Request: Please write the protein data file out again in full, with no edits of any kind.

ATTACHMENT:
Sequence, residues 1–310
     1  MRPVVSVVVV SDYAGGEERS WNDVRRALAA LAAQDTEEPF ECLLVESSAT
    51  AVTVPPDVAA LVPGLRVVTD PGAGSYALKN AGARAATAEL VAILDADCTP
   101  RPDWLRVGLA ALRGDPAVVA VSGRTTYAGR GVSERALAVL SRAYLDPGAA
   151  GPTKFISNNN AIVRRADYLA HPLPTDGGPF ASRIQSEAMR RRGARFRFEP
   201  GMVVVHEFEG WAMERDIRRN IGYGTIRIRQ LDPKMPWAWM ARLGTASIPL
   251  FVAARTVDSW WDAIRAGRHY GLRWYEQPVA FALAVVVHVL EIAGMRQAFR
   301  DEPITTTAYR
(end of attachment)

Sequence, residues 1–310
     1  MRPVVSVVVV SDYAGGEERS WNDVRRALAA LAAQDTEEPF ECLLVESSAT
    51  AVTVPPDVAA LVPGLRVVTD PGAGSYALKN AGARAATAEL VAILDADCTP
   101  RPDWLRVGLA ALRGDPAVVA VSGRTTYAGR GVSERALAVL SRAYLDPGAA
   151  GPTKFISNNN AIVRRADYLA HPLPTDGGPF ASRIQSEAMR RRGARFRFEP
   201  GMVVVHEFEG WAMERDIRRN IGYGTIRIRQ LDPKMPWAWM ARLGTASIPL
   251  FVAARTVDSW WDAIRAGRHY GLRWYEQPVA FALAVVVHVL EIAGMRQAFR
   301  DEPITTTAYR